Here are a few debunked myths that may initially discourage you from getting a rat as a pet. The first is that they carry disease. Now, sure, they could get a disease just like any animal, but they are not known for carrying them around and infecting people (especially not ones from a pet store). Another myth is that rats are mean, like depicted in movies. This is not true. In fact, they are rarely aggressive — way less than a hamster is, by far. If they are provoked, then yes, a rat can get aggressive just like any animal, but not by much. A weird myth is that rats grow as large as cats. On average, rats get to be a little over a pound in weight; cats, however, can weigh over 10 pounds. Another myth is that rats smell bad. However, since they tend to keep themselves super clean, rats do not really have an odor problem. Just clean the cage regularly. They smell way less than a kitty litter box or a ferret, that is for sure.
I grew up with hamster after hamster, and each time I had one, I was either bit or it kept me up with the wheel it ran on all night long. Or, it would get loose from its hamster ball, and before I knew it, it was in the walls somewhere.
Then, someone introduced me to rats. I thought, “Ugh, I don’t know — look at that long weird tail and those big front teeth.” However, I ultimately said, “Okay, fine, let’s try getting a rat.” Soon, I overcame the issue with the tail. It isn’t fuzzy, but it feels kind of cool. My new pet rat, which I named Eragon, grew on me. He learned his name, came to the door when I fed him and loved being out of his cage. Eragon would sit on my shoulder and chatter in my ear. I had no idea what he was saying, but I knew he was letting me know he was happy. He also loved to curl up and fall asleep in my lap while I watched television. That was it for me; I decided rats were my animal of choice.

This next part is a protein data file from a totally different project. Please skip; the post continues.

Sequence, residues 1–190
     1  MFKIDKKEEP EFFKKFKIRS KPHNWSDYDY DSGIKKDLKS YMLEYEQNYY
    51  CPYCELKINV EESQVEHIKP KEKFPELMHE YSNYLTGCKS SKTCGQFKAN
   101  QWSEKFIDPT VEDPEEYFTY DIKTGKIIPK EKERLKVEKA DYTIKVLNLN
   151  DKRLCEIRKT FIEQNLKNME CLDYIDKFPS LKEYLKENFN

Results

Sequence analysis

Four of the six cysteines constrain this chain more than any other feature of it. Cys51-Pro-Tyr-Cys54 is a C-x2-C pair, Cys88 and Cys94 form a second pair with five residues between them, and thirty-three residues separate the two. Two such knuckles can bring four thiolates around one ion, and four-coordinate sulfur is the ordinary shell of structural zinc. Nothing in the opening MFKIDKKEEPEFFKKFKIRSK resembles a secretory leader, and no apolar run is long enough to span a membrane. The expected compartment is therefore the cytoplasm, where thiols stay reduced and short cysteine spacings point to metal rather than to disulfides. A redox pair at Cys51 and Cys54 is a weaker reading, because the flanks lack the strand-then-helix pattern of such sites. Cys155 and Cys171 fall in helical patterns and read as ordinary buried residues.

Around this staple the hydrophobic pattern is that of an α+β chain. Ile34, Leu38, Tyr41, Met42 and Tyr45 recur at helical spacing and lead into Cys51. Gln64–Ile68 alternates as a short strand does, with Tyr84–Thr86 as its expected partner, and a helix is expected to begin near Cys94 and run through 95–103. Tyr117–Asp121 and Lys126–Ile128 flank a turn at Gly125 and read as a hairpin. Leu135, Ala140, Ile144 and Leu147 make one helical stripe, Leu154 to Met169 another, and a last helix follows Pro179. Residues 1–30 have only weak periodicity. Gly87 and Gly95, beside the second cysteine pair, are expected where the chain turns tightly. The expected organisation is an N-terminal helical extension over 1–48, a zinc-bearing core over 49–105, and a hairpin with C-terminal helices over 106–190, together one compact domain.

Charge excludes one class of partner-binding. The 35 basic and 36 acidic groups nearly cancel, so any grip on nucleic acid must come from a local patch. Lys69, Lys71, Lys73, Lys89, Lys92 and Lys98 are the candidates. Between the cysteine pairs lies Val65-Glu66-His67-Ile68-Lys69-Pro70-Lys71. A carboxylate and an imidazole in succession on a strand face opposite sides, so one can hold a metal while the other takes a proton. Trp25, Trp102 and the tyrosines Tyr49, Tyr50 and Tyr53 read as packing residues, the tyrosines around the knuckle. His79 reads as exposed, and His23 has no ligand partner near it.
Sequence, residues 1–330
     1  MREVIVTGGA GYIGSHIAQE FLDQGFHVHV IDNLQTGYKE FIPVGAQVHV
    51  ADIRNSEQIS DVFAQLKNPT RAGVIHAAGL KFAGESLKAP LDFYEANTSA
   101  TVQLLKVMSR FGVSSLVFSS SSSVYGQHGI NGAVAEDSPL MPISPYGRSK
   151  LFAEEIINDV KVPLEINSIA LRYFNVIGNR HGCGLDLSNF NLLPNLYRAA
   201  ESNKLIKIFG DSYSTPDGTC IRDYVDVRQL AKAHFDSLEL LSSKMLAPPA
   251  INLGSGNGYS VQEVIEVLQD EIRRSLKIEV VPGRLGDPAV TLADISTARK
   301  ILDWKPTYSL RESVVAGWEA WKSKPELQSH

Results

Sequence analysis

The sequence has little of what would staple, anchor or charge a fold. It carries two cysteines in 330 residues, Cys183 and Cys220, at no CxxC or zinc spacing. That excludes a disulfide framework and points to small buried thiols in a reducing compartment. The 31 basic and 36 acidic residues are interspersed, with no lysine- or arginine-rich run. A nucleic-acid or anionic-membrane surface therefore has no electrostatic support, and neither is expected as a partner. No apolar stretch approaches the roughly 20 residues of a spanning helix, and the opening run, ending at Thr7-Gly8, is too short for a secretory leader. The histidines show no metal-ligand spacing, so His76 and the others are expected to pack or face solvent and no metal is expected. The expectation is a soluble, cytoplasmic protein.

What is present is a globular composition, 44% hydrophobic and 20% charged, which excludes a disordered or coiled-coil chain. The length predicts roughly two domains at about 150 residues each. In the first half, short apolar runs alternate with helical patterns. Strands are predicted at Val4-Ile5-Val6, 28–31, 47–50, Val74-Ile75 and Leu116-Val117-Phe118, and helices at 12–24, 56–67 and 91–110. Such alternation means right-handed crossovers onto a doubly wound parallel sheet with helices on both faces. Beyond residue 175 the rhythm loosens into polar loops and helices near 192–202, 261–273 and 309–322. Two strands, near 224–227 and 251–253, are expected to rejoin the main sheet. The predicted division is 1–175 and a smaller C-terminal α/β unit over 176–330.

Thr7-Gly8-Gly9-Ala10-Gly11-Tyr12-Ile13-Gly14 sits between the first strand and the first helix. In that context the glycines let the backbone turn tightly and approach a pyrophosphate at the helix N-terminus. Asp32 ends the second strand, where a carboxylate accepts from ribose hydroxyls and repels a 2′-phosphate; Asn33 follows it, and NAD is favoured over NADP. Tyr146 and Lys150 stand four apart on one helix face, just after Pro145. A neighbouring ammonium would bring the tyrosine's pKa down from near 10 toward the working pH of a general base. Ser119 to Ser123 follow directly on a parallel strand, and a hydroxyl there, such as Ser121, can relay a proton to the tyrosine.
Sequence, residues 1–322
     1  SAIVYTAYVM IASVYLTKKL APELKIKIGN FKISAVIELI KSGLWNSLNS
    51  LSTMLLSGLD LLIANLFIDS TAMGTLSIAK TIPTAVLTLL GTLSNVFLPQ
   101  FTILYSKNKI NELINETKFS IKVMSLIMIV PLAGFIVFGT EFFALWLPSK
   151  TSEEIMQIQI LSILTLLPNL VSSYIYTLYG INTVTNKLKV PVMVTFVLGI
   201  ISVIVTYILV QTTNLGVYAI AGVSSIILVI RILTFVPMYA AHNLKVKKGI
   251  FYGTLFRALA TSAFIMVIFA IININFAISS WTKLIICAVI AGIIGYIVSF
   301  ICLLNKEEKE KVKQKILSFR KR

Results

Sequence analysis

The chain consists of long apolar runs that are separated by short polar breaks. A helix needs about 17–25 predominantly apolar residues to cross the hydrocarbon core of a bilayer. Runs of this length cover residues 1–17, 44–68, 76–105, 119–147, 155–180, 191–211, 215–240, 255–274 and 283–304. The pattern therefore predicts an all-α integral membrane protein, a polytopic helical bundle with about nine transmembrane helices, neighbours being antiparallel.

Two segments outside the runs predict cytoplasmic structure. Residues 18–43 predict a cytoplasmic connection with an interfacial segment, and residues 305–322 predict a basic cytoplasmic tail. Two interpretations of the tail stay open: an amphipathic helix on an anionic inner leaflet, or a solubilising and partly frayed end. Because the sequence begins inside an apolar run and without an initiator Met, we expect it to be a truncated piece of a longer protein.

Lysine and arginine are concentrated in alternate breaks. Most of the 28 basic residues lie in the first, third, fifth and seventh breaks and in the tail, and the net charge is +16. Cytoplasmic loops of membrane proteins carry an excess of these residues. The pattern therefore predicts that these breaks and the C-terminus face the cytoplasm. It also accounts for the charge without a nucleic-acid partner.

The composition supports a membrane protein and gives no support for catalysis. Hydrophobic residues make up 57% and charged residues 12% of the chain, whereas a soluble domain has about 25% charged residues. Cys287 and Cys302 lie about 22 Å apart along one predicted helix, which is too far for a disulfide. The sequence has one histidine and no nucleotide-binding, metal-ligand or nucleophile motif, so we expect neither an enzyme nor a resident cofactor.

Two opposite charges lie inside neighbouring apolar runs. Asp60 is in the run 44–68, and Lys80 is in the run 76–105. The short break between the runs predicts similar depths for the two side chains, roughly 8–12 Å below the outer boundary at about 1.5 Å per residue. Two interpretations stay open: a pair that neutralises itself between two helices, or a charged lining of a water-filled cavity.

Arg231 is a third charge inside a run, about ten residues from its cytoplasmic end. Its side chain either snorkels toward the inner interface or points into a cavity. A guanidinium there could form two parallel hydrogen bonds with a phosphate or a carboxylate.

I also had another pet rat who loved to run back and forth across the top of the couch while I was sitting on it. Both pet rats were purchased at a pet store, and both showed me a lot of affection, from nibbling on me, to chattering in my ear, to cleaning my fingers for me. I had one rat who was a baby that loved one of my daughters. He would constantly be in her hands and reach for her mouth to pry her lips apart to clean her teeth — this is a common thing with rats. You should always brush your teeth after, but know that they are just showering you with love and helping to keep you clean. They don’t know that people think it is gross for them to help you clean your mouth.
There are quite a few types of rats to choose from: You have the standard rex rat (crinkly fur), Manx rat (often referred to as tailless because of its lack of a tail), sphynx rat (hairless), satin rat (shiny coat), dumbo rat (larger ears) and bristle coat rat (like a wire brush coat). Rats also come in a variety of colors: albino with red eyes, white but not albino (so no red eyes), brown, tan, cow colored, grey or black. It’s all up to which one you think is the cutest.
So, when you are at the pet store looking over caged animals to get as your new companion, keep these facts in mind: You are less likely to get bitten if you choose a rat rather than a hamster, you can train them to do tricks and they will be very loving and affectionate toward you. In time, they will grow attached to you just like you will to them.